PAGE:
For those of us who are larks – at our best first thing in the morning – events are particularly exhausting as they are usually at night. For those of us who are introverts – not as in shy but finding we need a bit of aloneness to re-energise – it’s another way events are tiring however wonderful and lovely all the people involved may be.

So this blog post is a bit personal because I’m explaining why I can’t make it to everything that’s happening. Well, I could go to everything, but I’d pay for it over the next days – and possibly even weeks. Long ago, I was one of those undergrads who worked – and partied – all term and then promptly caught a cold as I stepped onto the train for the holidays, to spend the two week break at Christmas or Easter comatose, starting with pretty much 48 straight hours of sleep broken for the occasional snack and a visit to the doctor for antibiotics for tonsillitis.

Excuses, excuses: I wanted to go on the Worcs Lit Fest & Fringe opening events – including the laureate selection – followed by the magical-sounding midnight solstice walk last night but I was at work yesterday (my day job is interestingly knackering –I’ve had plenty of interesting/knackering jobs over the years; this one takes the biscuit) and I’m to be at work again today and my teenagers finished their various exams as of yesterday so, instead of going anywhere at all we had a takeaway meal as a treat and I was in bed by 9.30 – long before my kids – catching up after ConFab on Wednesday night (it was FAB indeed; I will blog a review and the audience poem ASAP) and then a visit to Birmingham’s new library for a Poetry On Loan workshop (also fab; fun and funny and educational all in one) on Thursday.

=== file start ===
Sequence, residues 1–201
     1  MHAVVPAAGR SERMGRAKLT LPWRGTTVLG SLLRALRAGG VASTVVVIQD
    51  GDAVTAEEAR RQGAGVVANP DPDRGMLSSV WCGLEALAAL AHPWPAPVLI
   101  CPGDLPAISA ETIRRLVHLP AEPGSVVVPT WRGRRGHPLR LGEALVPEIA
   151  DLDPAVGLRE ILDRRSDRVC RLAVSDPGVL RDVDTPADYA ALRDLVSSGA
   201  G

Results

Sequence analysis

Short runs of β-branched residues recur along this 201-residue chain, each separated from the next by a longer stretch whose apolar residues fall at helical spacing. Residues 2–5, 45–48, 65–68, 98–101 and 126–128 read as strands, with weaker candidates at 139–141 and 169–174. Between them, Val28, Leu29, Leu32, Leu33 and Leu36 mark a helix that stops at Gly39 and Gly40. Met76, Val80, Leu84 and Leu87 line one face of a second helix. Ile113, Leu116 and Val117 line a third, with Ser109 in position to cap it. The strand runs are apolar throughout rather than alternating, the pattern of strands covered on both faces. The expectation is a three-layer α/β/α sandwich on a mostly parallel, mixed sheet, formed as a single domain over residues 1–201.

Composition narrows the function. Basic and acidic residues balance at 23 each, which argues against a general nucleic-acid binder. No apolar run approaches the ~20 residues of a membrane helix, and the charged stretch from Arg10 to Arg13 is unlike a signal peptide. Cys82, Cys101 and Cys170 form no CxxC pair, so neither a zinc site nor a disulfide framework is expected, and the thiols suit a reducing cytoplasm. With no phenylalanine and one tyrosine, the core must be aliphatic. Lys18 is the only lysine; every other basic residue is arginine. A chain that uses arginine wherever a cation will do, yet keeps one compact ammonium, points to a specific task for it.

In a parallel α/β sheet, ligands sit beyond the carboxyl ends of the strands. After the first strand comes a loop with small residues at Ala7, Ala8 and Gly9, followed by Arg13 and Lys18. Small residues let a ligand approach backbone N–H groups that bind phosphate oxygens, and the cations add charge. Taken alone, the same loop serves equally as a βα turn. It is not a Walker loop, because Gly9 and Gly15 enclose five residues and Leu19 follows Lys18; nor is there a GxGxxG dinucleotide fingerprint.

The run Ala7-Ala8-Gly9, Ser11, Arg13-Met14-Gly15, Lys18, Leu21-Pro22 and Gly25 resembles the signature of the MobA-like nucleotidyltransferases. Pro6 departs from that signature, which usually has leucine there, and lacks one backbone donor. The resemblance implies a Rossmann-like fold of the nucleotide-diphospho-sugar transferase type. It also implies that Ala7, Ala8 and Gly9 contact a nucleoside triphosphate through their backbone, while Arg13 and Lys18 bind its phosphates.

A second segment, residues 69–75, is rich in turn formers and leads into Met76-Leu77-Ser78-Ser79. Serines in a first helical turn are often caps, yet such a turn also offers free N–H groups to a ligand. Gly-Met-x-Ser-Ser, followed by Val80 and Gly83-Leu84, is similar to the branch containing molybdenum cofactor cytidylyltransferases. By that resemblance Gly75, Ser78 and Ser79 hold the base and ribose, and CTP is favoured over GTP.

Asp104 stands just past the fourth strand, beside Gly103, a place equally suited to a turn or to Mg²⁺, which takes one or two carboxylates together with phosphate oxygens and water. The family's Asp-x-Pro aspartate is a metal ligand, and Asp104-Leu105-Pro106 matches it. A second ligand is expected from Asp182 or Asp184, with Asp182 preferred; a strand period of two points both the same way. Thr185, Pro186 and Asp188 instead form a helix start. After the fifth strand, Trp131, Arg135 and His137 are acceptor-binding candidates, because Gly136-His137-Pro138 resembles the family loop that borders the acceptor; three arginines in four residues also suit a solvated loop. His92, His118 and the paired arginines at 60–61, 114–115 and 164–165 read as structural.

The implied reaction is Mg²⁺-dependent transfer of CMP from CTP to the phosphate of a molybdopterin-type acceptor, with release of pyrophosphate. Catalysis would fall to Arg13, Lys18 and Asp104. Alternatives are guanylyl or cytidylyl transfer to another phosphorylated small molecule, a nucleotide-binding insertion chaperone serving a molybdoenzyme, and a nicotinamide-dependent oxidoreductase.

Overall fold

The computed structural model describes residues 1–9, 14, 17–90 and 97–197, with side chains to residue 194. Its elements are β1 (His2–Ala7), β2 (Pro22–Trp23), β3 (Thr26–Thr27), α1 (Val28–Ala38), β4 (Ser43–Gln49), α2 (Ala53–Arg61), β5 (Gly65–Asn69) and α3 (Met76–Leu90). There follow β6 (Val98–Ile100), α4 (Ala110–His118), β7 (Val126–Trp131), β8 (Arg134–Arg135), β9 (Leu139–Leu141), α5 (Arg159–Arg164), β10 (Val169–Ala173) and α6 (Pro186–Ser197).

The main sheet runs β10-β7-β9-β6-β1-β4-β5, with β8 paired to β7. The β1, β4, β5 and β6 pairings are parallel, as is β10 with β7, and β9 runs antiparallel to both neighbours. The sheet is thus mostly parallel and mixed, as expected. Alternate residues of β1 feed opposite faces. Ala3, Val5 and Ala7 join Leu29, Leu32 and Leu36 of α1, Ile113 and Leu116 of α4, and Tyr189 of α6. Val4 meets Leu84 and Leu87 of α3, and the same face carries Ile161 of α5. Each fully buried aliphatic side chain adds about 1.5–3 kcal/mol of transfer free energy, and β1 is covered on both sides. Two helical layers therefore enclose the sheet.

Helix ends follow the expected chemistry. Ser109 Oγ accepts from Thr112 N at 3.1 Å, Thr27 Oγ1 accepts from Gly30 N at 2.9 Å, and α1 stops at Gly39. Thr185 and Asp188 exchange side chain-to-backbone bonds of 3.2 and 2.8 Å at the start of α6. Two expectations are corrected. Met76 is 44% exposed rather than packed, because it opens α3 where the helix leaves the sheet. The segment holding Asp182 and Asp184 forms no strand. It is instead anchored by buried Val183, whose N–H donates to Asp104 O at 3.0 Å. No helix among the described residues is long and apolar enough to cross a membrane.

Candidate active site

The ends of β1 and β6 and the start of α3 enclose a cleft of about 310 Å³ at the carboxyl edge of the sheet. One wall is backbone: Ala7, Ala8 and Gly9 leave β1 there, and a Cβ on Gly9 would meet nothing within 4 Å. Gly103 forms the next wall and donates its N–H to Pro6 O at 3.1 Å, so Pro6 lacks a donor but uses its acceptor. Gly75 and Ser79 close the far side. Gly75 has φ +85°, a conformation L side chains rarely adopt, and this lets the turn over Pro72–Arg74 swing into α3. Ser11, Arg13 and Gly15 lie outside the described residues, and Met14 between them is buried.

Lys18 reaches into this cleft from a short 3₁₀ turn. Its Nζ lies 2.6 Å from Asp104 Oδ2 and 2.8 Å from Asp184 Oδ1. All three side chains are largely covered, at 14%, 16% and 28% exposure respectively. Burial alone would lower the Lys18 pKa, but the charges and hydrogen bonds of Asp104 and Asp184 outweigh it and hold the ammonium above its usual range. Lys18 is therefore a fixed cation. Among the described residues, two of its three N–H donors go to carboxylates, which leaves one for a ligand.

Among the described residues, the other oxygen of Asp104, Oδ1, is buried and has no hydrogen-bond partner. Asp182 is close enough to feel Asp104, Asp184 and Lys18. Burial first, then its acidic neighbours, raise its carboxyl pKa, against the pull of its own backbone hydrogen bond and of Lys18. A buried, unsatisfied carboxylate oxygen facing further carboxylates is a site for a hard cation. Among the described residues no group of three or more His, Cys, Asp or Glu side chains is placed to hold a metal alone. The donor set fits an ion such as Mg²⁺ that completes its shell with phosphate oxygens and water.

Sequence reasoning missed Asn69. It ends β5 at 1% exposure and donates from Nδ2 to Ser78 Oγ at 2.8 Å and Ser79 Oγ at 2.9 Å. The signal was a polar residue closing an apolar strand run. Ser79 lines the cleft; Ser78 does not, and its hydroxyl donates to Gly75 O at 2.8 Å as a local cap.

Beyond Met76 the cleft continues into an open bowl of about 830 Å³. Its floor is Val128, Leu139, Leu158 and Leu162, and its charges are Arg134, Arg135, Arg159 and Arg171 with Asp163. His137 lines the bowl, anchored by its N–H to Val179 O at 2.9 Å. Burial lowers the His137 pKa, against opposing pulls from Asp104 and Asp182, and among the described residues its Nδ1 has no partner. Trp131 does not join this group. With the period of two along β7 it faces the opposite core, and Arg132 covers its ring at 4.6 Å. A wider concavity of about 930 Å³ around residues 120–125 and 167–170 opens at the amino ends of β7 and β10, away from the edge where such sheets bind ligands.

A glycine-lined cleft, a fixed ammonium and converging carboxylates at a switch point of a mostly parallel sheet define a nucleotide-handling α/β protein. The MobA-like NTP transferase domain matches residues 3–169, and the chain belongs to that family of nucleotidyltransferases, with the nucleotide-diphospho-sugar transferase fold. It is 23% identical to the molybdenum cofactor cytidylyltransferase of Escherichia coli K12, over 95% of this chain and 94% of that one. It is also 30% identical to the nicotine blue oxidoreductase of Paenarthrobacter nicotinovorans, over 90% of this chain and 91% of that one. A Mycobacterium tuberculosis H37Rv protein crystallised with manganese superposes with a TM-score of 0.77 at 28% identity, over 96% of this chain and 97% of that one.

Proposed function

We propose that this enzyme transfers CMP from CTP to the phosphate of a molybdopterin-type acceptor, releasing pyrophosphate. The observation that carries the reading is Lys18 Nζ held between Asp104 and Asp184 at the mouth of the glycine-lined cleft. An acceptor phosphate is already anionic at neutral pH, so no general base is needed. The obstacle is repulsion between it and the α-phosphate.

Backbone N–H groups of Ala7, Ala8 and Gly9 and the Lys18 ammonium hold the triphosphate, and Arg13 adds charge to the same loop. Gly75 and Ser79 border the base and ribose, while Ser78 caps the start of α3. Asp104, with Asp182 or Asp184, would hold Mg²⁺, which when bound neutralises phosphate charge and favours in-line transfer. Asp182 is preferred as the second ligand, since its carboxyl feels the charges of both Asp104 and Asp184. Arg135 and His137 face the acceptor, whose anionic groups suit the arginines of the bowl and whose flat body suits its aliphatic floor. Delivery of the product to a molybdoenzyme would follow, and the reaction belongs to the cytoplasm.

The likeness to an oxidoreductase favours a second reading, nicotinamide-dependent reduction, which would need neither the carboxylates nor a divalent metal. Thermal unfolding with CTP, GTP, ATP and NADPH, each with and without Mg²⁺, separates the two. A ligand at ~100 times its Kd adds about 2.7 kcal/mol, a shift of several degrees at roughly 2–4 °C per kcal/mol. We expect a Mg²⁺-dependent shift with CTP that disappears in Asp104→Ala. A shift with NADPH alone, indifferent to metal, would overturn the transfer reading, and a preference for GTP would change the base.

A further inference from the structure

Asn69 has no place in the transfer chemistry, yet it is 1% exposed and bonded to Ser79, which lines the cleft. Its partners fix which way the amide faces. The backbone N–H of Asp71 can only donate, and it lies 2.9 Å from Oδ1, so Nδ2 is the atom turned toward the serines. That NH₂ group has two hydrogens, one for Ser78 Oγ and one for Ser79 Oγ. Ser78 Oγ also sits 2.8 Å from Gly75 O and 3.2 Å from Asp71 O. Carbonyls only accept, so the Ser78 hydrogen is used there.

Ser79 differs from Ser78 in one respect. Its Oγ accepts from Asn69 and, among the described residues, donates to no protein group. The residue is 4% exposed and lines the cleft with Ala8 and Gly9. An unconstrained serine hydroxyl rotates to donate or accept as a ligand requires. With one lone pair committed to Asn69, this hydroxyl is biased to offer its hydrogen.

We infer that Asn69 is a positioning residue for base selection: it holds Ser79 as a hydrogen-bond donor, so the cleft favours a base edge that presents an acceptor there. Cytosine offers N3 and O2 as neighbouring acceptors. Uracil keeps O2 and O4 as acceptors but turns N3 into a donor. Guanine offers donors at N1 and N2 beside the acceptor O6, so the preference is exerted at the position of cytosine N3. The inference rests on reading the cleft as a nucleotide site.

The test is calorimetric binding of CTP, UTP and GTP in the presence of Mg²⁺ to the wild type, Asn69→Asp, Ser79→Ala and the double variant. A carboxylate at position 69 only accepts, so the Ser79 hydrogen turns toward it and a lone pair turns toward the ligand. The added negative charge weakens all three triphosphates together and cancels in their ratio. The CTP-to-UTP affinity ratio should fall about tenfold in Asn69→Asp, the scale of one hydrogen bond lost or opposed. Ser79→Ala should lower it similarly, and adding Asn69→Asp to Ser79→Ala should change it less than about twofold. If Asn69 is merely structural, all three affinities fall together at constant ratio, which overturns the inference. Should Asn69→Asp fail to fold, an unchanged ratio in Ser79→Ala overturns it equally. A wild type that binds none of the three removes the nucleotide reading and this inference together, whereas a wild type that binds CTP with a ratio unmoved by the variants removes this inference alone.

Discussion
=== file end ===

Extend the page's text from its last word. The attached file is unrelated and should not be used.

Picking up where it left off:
So I have just looked on FaceBook and I Worcestershire’s new poet laureate is FERGUS MCGONIGAL; Claire Walker was a close second and Suz Winspear third. Huge congratulations! And see you all soon, I hope.


Here’s wot I made in the Poetry On Loan Seeing Things workshop with permission to play like preschoolers with the PVA glue and bits of sparkly stuff:


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Outside The One Stop

This week I am chuffed that a my 52 (“highstreet” theme, week 8) poem, Outside The One Stop,  is on the Morning Star’s poetry section HERE.

I’m also mega-incredibly excited that next week Hollie McNish is coming to ConFab Cabaret here in Malvern on Wednesday 18 June (Oliver’s Bar, Belle Vue Terrace, Great Malvern, WR14 4PZ).

Here she is doing poems that have gone viral on YouTube: